Prime Minister Saad Hariri, who is one of the Shia group's most prominent political opponents, said the incident was "a threat to regional stability".
US Secretary of State Mike Pompeo later on Sunday called Hariri to stress the "necessity to avoid any escalation", the premier's office said.
Meanwhile, Israeli military spokesman Jonathan Conricus said the Israeli attack in Aqraba, southeast of Damascus that preceded the Beirut strike, targeted "terror targets and military facilities belonging to the Quds force (of Iran's elite Revolutionary Guards) as well as Shia militias".
|Iran has no immunity anywhere.. Our forces operate in every sector against the Iranian aggression
- Israeli PM, Benjamin Netanyahu
"We've been tracking the Quds force" for weeks, he said.
"The intention was to fly a number of attack drones towards targets located in northern Israel," he said.
Just hours later, Israeli Prime Minister Benjamin Netanyahu toured the north of Israel where he flexed his country’s muscle.
"Any country that allows its territory to be used for aggression against Israel will face the consequences," said the veteran premier, who has sought to burnish his security credentials ahead of September elections.
Just minutes after Israel announced its raid, Netanyahu in the morning had hailed what he termed a "major operational effort" in thwarting an attack.
"Iran has no immunity anywhere," Netanyahu said. "Our forces operate in every sector against the Iranian aggression."
While it does not share any formal diplomatic relations with much of the Arab world, bar Jordan and Egypt, Israel has developed increasingly close ties with Gulf nations, including Saudi Arabia and the UAE, over mutual concerns about Iran.
The warming of relations in recent years, as well as the weakening of traditionally mighty Arab armies, has allowed Israel to target Arab nations in the region with impunity.
"Israel finds itself free to do whatever it wants firstly because of the absence of the major Arab armies in the region, especially following the destruction or absence of Iraqi army, weakness of the Syrian army and the rest," Palestinian author and professor, Dr Nawaf Tamimi told The New Arab.
"But it is also benefiting off the weakness of Arab unity and the overall political climate in the region, which has in recent years included increasing normalisation with Israel, especially with regards to Saudi Arabia and the UAE," he added.
"Israel is taking the opportunity to do what it needs to do it in the region in what is quite obviously a proxy confrontation with Iran and all its allied militias in the region. Israel is unable to directly strike Iran so it is instead directly striking Iranian arms across the Middle East, especially in Lebanon, Syria and now Iraq.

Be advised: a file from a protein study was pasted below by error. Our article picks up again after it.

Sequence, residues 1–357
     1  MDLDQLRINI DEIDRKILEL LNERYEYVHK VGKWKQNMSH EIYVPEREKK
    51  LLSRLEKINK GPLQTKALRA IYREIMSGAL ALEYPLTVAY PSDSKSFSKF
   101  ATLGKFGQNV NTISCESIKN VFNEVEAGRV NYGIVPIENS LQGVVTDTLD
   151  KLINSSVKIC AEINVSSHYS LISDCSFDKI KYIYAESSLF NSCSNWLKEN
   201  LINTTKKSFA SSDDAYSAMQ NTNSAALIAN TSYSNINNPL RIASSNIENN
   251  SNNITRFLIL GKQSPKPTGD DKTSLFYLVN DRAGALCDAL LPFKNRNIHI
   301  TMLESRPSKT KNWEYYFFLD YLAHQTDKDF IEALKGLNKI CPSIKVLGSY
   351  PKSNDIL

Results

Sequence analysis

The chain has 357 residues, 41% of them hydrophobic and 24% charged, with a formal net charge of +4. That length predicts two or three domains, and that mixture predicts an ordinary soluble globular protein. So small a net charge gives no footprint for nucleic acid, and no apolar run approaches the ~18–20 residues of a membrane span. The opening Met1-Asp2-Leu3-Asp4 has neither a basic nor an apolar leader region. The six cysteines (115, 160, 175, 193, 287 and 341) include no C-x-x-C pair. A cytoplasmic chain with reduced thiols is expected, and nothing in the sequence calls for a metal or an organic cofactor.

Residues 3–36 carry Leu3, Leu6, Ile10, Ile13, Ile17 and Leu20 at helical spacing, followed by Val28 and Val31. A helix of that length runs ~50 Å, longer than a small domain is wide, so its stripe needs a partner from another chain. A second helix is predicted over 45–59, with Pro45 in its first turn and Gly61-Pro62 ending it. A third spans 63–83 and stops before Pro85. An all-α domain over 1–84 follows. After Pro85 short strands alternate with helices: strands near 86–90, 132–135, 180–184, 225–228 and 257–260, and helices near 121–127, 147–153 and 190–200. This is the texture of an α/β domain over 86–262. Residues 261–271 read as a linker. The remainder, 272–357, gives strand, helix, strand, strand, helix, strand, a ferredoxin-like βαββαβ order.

Israel's occupation of Palestine is still widely seen as an obstacle to improving ties between the Jewish state and its Arab neighbours.
|Unfortunately, Israel will continue and even expand its military activities, so long as there is an absence of even condemnation from the Arab states and Arab League
- Dr Nawaf Tamimi
But for the Saudi kingdom and its allies in the Gulf, Israel's shared enmity with Iran may trump the powerful and popular anger over an Arab state normalising ties with Israel.
For many years, formalising such an alliance would have rattled much of the Arab world, however recent undercover deals, secret visits and meetings, as well as lone publicity stunts could suggest authorities in the Gulf region could be preparing citizens of a slow change of attitude towards Israel.
Last year, Israel’s Netanyahu and Oman's Sultan Qaboos met in Muscat for the first historic meeting of its kind between leaders of the two countries since 1996.
|Read also: Saudi-Israeli relations:
The emergence of a new alliance
In May of that year, Israel's ambassador to Egypt described Saudi Crown Prince Mohammed bin Salman (MbS) as a partner of Israel, further fuelling speculation that the powerful prince has been engaging in secret talks with Israel.
A year earlier, Bahrain’s foreign minister told his Israeli counterpart that the king of Bahrain wanted to normalise ties with Israel, according to a report by Israeli Channel 13 News. The channel also reported the former leader of Israel’s intelligence agency Mossad visited Saudi Arabia in secret in 2014 in an effort to rally support against Iranian influence.
Meanwhile, two Israeli ministers also travelled to the UAE in 2018.
But diplomacy is far from the only avenue being explored between Israel and the Gulf states.
An investigation revealed the United Arab Emirates has for the past decade been working on a multi-million dollar business deal to secure Israeli spy planes for intended use against Iran.
|The United Arab Emirates has for the past decade been working on a multi-million dollar business deal to secure Israeli spy planes for intended use against Iran|